Mark Kelly takes fire from Blake Masters, slugs back in heated Senate debate

In their only scheduled face-to-face debate, Republican Senate candidate Blake Masters repeatedly attacked Sen. Mark Kelly as an accomplice to a spending spree by President Joe Biden and an unchecked invasion by illegal immigrants.

Kelly, D-Ariz., pushed back by saying that he supported Biden when it was appropriate, condemned the administration’s border strategy, and, unlike Masters, stands firm for Arizona priorities, such as preserving Social Security. 

Masters struck an aggressive tone early and often in the debate on Thursday, calling Kelly an “abortion radical” and said Kelly and Biden “laid out the welcome mat” for illegal immigrants. 

Kelly bristled at Masters, telling him to calm down at one point and accusing him of changing restrictions on abortion rights he would support as needed to try to win the election.

What we learned: 4 takeaways from Kelly-Masters Senate debate

Both men clashed throughout the hourlong debate on Arizona PBS in Phoenix on the economy, abortion and the border with Mexico, with Masters frequently tying Kelly to Biden.

“For the past two years under Joe Biden and Mark Kelly, we’ve been going in the wrong direction,” Masters said during his closing remarks. “Everybody knows it. You are less safe today. Your bills have gone way up since Mark Kelly took over.

“You deserve so much better than what we have. Mark Kelly disagrees, otherwise he wouldn’t have spent two years backing Biden every time. Send me to the U.S. Senate if you think that you and your family deserve better, so that we can go in the right direction.”

For his part, Kelly accused Masters of bringing angry, arch-conservative politics that are offensive to women, seniors and veterans.

“I think we all know guys like this. Guys that think they know better than everyone about everything,” Kelly said sternly.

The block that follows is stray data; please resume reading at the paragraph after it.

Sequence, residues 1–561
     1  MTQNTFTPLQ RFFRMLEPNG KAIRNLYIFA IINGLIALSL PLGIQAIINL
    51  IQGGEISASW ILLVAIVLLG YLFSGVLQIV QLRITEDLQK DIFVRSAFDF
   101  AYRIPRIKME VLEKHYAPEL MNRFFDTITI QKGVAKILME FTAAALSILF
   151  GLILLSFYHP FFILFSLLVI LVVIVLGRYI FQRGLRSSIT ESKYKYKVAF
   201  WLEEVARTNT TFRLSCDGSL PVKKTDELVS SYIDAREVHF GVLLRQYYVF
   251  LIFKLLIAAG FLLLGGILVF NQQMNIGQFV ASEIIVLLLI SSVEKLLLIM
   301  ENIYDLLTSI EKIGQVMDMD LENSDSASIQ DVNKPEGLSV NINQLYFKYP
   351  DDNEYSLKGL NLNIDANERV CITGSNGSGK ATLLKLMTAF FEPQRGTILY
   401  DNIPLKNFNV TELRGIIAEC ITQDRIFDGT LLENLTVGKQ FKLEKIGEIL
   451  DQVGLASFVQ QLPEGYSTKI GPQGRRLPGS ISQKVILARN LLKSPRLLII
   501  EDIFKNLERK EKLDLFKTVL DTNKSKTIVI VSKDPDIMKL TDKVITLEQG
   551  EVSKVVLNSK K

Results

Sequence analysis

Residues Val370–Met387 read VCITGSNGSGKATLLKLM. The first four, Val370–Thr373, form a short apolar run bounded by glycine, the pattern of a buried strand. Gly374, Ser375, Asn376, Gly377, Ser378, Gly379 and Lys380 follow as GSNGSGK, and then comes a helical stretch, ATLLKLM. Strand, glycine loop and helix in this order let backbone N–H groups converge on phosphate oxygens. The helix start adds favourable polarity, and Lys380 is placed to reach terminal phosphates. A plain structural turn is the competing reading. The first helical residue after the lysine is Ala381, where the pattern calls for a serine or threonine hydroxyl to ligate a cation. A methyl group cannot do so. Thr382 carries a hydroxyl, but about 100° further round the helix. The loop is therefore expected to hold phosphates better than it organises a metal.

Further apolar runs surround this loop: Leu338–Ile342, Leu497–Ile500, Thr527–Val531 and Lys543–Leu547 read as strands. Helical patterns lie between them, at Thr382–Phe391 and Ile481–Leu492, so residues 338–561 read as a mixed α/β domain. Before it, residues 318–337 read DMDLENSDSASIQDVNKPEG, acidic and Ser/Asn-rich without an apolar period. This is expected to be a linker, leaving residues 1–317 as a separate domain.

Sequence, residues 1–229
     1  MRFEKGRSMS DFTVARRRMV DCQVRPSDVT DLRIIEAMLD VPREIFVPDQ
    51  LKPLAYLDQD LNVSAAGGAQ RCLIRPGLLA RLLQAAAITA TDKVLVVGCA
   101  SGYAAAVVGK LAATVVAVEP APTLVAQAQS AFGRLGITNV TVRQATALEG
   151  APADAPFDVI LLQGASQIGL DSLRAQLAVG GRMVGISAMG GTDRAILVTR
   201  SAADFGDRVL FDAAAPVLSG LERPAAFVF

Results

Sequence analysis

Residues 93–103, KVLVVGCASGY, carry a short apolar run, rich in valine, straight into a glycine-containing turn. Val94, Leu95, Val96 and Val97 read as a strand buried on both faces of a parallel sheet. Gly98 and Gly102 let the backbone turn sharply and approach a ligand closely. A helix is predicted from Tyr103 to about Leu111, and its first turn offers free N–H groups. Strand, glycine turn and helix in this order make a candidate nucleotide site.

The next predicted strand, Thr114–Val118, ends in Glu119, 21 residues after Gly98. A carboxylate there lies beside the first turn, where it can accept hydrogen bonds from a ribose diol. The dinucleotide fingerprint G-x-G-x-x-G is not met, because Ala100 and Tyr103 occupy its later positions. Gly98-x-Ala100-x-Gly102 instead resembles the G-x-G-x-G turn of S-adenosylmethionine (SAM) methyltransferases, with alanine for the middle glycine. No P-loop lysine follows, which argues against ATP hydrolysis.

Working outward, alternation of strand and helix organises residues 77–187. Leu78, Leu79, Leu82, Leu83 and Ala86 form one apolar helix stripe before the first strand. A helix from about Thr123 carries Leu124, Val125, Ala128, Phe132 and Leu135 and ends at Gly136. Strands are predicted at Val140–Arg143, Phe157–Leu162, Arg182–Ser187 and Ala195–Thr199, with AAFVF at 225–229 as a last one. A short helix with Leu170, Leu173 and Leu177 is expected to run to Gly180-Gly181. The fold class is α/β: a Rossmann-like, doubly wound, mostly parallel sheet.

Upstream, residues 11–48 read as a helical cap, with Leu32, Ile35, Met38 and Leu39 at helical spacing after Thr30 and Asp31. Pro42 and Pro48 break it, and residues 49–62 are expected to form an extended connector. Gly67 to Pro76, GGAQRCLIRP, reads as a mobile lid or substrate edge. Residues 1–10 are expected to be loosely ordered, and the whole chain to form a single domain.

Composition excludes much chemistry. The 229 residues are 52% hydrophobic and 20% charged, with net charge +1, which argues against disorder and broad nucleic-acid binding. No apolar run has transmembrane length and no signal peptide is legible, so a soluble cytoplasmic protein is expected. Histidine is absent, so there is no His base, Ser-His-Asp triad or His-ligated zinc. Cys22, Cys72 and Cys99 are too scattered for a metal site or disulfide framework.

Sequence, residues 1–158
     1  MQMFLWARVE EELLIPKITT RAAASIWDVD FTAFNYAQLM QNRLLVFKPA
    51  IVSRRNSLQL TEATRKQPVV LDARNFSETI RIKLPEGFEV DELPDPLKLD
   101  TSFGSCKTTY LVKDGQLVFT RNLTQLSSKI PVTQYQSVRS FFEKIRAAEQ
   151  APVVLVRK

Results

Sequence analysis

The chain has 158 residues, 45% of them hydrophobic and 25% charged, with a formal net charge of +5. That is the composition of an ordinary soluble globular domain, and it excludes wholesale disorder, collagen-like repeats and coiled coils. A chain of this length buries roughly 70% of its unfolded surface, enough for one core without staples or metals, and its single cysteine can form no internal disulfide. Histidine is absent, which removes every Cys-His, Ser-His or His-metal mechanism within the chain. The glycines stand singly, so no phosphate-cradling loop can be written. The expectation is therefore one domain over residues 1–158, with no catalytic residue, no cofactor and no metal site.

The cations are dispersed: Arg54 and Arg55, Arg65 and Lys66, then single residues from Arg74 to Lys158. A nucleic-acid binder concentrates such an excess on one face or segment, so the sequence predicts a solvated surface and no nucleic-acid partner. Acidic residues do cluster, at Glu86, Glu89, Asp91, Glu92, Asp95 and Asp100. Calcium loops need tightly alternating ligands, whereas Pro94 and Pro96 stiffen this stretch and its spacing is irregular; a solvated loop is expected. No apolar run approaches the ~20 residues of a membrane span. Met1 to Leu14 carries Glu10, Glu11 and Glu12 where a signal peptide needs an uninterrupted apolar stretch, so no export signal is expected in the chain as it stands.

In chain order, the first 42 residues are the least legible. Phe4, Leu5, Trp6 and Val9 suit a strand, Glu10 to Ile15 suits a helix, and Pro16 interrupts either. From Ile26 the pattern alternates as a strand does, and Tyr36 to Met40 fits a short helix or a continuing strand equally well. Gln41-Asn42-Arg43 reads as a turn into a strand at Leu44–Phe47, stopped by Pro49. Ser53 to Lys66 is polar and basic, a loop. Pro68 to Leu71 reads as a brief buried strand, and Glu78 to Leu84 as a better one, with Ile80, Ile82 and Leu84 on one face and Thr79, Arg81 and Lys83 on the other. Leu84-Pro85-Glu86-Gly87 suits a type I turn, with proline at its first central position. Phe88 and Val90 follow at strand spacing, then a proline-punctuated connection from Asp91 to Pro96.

“You think you know better than women and doctors about abortion. You even think you know better than seniors about Social Security. You think you know better than veterans about how to win a war. Folks, we all know guys like this, and we can’t be letting them make decisions about us because it’s just dangerous.”

Libertarian candidate Marc Victor glibly blamed both parties for the nation’s problems but largely provided only brief interludes between the heated volleys between Kelly and Masters.

Masters entered the evening debate trailing in the polls and well behind Kelly in campaign cash after he won the GOP nomination in August. Political observers said Masters needed a stellar showing to help reverse the race’s trajectory.

What played out was a confident Masters going on the attack.

Arizona politics: New Republic poll projects who’s ahead in Kelly-Masters Senate race

From the opening moments of the debate, Masters made clear he sees Biden taking the nation down the wrong track, and empowered by Kelly.

“Mark Kelly backed him up every single time,” Masters said. It was a line of attack intended to play up Biden’s poor standing with most Arizonans and erase Kelly’s effort to cast himself as an independent thinker in a divided Washington.

Kelly castigated Masters as “dangerous” for seniors and played up remarks Masters made at a Republican candidate forum in June in which he suggested, “Maybe we should privatize Social Security. Private retirement accounts, get the government out of it.”

The nationally watched race is one of the few that will determine control of the Senate, which is evenly divided between Republicans and senators voting with Democrats. Polling suggests Kelly has more appeal to independent voters, a bloc that is expected to settle the race and a segment Masters needs to do better with to win.

As the debate moved to abortion, Masters’ preference for state-level restrictions stood in sharp contrast to Kelly’s call for federally guaranteed abortion rights. The subject brought about the most intense personal attacks of the debate.